Cuts to the Interim Federal Health Program for Refugees: How do they add up?
When the government announced massive cuts to refugee healthcare under the IFH program, Minister of Citizenship and Immigration Jason Kenney boasted that the cuts would save Canadian taxpayers $100 million over five years. But how do the numbers add up?
Before the cuts, the full costs of the IFH program were $84.6 million a year. This figure is from 2010, and that same year the government spent roughly the same amount—$83.3 million—on government ads, arguably a far less urgent government program.
In fact, the Conservative government has overspent the ad budget by at least 25% every year on record, for a total of $128 million during its first five years in office. Compare that number to the $100 million the government plans to save through cuts to the IFH program over five years.
Or let’s consider this. In 2009, when the economic downturn was in full swing, the government budgeted $39 million just to promote its Economic Action Plan. It ended up overspending this amount as well, spending instead nearly $54 million, more than twice the annual savings from IFH cuts.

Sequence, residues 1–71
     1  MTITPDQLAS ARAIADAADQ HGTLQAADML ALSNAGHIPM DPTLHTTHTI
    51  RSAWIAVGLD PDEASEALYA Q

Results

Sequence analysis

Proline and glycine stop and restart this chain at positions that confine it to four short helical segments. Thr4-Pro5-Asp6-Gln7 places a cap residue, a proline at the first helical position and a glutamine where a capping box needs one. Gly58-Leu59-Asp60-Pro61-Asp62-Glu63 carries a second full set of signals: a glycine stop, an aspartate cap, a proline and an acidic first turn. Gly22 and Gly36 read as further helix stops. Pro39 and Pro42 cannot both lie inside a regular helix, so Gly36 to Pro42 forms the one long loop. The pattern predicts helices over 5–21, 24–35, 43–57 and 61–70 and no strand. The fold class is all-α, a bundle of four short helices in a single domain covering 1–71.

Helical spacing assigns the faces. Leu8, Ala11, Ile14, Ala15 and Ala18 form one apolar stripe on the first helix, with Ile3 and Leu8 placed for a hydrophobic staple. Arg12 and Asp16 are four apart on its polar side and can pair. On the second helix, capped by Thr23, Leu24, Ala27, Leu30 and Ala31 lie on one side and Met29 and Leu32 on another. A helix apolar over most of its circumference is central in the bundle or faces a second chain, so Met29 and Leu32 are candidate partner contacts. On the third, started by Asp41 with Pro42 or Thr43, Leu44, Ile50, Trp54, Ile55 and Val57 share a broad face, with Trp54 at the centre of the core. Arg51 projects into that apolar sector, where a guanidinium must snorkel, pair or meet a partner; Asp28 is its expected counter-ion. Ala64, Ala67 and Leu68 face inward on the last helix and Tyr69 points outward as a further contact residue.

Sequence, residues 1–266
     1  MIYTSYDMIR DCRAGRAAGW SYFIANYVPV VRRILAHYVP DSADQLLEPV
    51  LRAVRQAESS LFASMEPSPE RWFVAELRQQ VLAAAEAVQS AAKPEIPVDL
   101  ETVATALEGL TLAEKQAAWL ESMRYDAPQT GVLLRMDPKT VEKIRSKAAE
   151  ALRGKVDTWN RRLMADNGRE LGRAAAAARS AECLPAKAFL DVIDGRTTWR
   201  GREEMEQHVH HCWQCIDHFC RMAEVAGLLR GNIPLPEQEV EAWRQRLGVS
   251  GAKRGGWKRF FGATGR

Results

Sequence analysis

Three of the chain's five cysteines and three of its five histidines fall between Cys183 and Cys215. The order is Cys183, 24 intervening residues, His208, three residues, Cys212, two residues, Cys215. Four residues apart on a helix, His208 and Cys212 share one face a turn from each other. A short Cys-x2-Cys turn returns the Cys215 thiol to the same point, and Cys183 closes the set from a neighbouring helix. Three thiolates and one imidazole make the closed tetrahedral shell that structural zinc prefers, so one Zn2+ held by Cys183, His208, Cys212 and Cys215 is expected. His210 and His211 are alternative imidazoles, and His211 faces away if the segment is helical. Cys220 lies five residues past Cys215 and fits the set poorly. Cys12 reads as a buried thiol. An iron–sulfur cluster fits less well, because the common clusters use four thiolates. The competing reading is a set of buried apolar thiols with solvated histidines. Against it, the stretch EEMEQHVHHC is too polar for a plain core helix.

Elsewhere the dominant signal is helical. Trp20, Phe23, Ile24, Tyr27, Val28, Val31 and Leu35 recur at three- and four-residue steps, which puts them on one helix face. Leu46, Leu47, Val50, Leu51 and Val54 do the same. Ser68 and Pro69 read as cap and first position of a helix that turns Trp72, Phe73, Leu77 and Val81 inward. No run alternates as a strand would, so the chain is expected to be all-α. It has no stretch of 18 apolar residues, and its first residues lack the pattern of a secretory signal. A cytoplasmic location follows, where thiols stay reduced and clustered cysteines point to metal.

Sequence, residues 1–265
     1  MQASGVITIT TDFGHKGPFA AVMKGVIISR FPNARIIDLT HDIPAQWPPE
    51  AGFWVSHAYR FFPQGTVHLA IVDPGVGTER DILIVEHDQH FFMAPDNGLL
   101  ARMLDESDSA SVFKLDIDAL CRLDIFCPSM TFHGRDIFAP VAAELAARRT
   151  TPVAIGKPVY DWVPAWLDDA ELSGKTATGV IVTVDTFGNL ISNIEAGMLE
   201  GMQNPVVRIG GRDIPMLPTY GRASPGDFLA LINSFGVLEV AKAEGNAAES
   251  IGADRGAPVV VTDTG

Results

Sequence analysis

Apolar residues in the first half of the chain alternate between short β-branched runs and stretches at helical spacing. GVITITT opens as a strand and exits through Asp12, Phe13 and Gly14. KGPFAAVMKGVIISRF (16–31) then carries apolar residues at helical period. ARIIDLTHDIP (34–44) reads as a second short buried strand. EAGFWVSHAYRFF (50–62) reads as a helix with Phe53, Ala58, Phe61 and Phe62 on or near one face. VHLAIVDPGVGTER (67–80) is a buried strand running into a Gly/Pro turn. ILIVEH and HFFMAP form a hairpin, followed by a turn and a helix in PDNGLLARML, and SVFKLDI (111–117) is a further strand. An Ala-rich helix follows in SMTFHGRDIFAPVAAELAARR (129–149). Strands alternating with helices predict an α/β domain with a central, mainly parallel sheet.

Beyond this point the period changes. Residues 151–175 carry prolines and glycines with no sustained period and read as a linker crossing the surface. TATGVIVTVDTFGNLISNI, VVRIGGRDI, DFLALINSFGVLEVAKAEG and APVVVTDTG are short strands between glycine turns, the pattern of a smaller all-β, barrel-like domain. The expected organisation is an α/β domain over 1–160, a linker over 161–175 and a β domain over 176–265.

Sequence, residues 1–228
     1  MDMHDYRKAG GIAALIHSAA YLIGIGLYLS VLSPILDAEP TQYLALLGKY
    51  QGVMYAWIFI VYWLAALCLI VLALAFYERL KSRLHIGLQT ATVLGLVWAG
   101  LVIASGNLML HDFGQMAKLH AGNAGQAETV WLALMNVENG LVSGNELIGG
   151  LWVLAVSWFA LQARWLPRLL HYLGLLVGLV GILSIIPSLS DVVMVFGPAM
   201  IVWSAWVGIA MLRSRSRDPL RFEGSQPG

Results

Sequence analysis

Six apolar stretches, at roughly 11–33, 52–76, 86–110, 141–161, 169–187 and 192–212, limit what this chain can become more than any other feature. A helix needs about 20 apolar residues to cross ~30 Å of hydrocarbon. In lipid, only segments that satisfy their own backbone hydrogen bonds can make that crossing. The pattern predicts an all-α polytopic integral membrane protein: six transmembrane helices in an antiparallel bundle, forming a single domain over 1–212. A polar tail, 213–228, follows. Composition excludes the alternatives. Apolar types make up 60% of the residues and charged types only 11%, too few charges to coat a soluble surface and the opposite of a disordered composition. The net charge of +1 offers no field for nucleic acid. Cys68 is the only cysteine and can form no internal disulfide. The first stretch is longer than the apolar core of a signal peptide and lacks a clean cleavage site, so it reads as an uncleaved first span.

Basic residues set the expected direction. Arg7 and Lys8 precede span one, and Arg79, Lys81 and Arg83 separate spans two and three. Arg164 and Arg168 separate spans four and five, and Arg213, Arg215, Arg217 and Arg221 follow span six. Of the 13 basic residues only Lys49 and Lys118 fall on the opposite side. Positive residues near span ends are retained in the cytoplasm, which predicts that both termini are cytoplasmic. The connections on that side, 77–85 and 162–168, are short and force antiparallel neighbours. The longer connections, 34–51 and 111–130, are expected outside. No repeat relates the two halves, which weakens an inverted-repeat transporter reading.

Put in perspective, $20 million saved annually is not a lot of money. $20 million translates to a mere 59 cents per Canadian, something highlighted by the 59 Cents Campaign.
Meanwhile each Canadian taxpayer is spending nearly 76 cents a year on government ad over-runs.
How would you rather the government spend your money?
 The breakdown of Government Advertising figures on the Treasury Board of Canada website amounts to:
2012-13: $64 million (amount spent not known yet)
2011-12: $53 million (amount spent not known yet)
2010-11: $65.4 million approved, $83.3 million spent ($17.9 million difference)
2009-10: $85.3 million approved, $136.3 million spent ($51 million difference)
2008-09: $63 million, $79.5 million spent ($16.5 million difference)
2007-08: $64.8 million, $84.1 million spent ($19.3 million difference)
2006-07: $63.5 million, $86.9 million spent ($23.4 million difference)